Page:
Asking Kids to Dream–And Bringing Dreams to Life

The premise is simple: ask kids what their dream machine would do and then help them build it.  

It started with a little boy named Oskar who wanted a machine to dig for Roman treasure. He made a drawing and wrote a user manual. His father, a philosopher, wasn’t very handy but didn’t dismiss his request. They went to a technical school and talked to engineers. And soon, MyMachine was born.  

Founded 10 years ago in Flanders (the Dutch-speaking part of), Belgium by Piet Grymonprez from Howest University, Jan Despiegelaere of the Community Foundation of West-Flanders, and Filip Meuris of the community development organization Leiedal, the nonprofit MyMachine Global Foundation began offering thousands of Belgian children the opportunity to dream.

MyMachine founders Piet, Jan, and Filip

An interesting formula emerged as MyMachine scaled: elementary students are asked to describe their dream machine, college design students and high school prototypers help bring to life the dreams of elementary students.

The founders love to recount a few of their favorite machines: one that fights boredom, one that provides compliments, a turning bunk bed, an elaborate homework delivery machine, and a Belgium fries shooting machine (don’t try calling them French fries while in Belgium). Some are serious while others are silly–it’s about the process, the journey and learning.

Grymonprez, who serves as Managing Director, said, “We created MyMachine because we want more creativity in the education system.”

When asked about their dream machine, “Kids answer with what is important to them at that time,” said Grymonprez. The prompt can be an important window into a child’s life.

This interdisciplinary approach adds a unique collaboration of all levels of education and creates a free haven of creativity inside the education system, “a free haven of joy and wonder,” added Meuris.  

“The higher education students benefit from seeing through the eyes of children,” said  Grymonprez. “They realized that we tend to lose the ability to be really creative,” he added.

The Link Between Creativity and Economics

“The technology industry in Flanders is a key driver for the economy,” said Peter Demuynck who directs Agoria Flanders, advocates for the tech ecosystem. “The companies are in need of young, skilled and creative talents. From the kinds that are not afraid of taking on groundbreaking ideas and turn them into tangible new products and services.”

“MyMachine is creativity, entrepreneurship, and STEAM” added Grymonprez. “These are the skills to bring innovative ideas to life.”

Students “learn that every idea matters if you want to contribute to innovation,” added Demuynck, “And they learn to do so through collaboration and by respecting each other’s talents. Exactly like they will need to to do in their future jobs.”

“My Machine combines different aspects of entrepreneurship like creativity, motivation  and taking initiative,” said Bernard De Potter, administrator of the Flemish Agency of Innovation and Entrepreneurship. “But the most valuable aspect is that children and students learn through experience and concrete activity: from the idea of a dream machine of children in primary schools, over the concept of students in higher education towards the real machine built by students in secondary education. The perfect way to support that innovative and entrepreneurial spirit, by which we hope that these children and their environment grow up with a positive attitude towards innovation and entrepreneurship.”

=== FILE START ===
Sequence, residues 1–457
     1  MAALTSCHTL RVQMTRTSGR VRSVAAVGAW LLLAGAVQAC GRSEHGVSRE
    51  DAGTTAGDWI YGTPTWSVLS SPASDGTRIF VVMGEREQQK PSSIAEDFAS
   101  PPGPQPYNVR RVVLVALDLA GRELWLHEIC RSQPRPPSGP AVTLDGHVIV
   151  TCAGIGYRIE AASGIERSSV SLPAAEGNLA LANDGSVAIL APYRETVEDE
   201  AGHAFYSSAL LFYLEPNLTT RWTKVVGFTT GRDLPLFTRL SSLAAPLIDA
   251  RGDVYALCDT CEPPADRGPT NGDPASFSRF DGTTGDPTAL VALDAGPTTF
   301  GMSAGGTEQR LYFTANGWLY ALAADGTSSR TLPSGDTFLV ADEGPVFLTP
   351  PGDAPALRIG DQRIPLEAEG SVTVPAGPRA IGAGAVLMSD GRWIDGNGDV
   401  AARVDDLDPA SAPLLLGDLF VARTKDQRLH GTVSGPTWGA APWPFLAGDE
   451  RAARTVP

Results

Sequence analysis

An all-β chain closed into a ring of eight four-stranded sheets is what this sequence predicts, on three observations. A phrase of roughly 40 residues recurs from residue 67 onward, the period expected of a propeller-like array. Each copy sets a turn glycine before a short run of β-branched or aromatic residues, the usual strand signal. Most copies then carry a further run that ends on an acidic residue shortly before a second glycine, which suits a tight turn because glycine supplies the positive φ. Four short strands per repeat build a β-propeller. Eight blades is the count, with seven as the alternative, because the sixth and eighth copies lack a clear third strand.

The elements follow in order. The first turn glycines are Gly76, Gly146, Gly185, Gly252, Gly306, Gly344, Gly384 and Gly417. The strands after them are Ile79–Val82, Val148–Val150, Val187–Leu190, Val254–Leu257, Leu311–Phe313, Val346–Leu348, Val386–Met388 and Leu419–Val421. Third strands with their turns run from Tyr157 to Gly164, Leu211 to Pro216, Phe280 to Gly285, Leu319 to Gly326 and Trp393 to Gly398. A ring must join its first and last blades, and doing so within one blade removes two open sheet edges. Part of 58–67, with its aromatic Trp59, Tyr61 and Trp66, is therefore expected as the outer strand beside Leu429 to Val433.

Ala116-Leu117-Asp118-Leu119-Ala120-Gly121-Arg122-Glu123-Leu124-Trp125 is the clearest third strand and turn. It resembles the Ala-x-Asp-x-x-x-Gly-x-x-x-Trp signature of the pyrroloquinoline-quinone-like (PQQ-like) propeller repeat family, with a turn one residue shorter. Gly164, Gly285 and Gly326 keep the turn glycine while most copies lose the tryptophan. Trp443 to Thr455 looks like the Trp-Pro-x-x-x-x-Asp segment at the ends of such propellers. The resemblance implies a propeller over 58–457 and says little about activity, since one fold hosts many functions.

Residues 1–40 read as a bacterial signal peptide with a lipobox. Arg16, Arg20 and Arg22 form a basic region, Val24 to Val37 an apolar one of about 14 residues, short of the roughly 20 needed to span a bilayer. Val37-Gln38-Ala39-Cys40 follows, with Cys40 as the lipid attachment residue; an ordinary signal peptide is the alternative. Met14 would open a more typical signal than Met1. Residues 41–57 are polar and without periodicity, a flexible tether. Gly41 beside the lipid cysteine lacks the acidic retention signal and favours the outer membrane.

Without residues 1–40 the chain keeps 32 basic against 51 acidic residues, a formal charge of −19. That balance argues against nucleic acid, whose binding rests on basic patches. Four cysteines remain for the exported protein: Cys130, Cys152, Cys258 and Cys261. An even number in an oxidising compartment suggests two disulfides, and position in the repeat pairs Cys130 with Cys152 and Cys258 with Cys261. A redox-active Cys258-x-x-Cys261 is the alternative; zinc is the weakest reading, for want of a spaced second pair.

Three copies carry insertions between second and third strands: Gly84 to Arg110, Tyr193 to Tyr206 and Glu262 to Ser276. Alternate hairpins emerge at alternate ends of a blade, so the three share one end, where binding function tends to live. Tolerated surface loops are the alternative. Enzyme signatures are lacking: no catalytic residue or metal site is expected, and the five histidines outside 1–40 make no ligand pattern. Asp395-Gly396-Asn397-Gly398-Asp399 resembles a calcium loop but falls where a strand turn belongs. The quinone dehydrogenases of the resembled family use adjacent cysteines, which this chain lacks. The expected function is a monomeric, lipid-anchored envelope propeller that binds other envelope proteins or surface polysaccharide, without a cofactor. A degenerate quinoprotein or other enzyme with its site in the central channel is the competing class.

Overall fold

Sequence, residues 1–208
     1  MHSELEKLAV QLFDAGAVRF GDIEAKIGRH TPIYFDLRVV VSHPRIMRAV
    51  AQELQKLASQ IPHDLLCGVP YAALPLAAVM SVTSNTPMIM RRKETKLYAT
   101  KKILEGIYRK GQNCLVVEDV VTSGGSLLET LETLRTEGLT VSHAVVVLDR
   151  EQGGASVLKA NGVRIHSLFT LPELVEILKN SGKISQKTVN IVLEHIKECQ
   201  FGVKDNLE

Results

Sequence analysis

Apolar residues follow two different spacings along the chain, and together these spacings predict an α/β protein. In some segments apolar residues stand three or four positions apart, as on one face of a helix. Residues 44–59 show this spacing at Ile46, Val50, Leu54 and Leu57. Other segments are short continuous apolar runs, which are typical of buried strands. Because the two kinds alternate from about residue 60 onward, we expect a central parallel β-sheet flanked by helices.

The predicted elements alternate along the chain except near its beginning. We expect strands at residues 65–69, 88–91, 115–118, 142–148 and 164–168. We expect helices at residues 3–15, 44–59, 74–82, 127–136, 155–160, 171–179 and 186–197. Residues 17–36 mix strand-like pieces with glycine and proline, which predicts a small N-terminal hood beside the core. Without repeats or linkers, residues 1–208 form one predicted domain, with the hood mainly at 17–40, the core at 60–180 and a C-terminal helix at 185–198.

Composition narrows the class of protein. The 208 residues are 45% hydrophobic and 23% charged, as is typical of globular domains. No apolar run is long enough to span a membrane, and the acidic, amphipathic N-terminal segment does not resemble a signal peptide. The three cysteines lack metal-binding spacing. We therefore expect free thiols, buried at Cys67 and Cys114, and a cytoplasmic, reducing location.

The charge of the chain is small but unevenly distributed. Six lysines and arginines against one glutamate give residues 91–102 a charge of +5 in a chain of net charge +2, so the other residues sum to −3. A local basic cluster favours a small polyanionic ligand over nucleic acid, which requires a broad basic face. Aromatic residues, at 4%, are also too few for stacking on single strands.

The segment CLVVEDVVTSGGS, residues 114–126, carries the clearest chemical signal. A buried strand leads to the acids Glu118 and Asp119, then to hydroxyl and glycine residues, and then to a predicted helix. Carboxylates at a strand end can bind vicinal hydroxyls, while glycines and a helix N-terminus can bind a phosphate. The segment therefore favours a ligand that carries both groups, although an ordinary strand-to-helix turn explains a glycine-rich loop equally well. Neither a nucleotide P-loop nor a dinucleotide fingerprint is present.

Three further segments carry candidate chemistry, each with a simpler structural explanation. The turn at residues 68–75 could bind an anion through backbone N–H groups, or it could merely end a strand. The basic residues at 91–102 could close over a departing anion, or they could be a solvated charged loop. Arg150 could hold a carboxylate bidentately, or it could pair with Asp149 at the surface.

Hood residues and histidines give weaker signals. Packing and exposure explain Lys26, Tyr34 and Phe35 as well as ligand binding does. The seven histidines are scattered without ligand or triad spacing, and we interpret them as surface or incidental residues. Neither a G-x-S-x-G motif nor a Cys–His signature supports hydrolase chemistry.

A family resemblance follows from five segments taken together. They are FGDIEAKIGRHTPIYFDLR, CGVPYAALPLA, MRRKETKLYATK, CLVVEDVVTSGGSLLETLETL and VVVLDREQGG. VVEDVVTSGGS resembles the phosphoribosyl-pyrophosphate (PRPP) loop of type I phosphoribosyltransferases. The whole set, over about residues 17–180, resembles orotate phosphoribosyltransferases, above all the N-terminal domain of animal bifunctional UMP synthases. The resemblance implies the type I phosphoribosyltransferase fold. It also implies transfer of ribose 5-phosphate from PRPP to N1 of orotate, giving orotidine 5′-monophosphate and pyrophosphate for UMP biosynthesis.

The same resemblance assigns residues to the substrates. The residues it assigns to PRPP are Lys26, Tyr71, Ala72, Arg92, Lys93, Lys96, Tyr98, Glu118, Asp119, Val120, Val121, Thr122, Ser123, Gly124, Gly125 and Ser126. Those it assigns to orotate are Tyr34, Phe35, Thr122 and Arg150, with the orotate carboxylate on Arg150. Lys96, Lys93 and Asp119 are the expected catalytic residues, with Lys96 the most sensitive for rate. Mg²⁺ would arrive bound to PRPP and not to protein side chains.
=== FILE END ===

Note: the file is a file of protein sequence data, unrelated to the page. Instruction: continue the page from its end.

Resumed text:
As MyMachine expanded across Belgium with a combination of philanthropic and government support, the nonprofit started a franchise system that allows other regions to launch a MyMachine chapter. Global chapters are in far flung places including Slovenia, Slovakia, Norway, Portugal, South Africa, and Oklahoma City.  

MyMachine was recognized with the United Nations World Summit Award. Supporters of the program appreciate the creativity, design, and entrepreneurship that it fosters.

The founders most appreciate the sense of agency that elementary students gain as they see older students work on their designs. They also appreciate the empathy that college students learn and the creativity that is reignited while working with children.

“You can be part of a bigger movement, a movement that changes the world,” said Meuris who has seen the life changing impact of the program on his own son and his friends who are now studying product design in college.  

“We should not be consumers of what’s going on, said Meuris, “We should be active motivated engaged people. We’ve never met three people that more exemplify that sentiment than the founders of MyMachine.

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This post was originally published on Forbes.

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Tom Vander Ark

Tom Vander Ark is the CEO of Getting Smart. He has written or co-authored more than 50 books and papers including Getting Smart, Smart Cities, Smart Parents, Better Together, The Power of Place and Difference Making. He served as a public school superintendent and the first Executive Director of Education for the Bill & Melinda Gates Foundation.

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1 Comment

Patti Shade

Children’s creativity doesn’t flourish by happenstance. It’s a perishable skill that must be nurtured and developed. We need more “Dream Machine” programs - “free havens of creativity inside the education system, free havens of joy and wonder.” What an inspirational way to describe an educational program.

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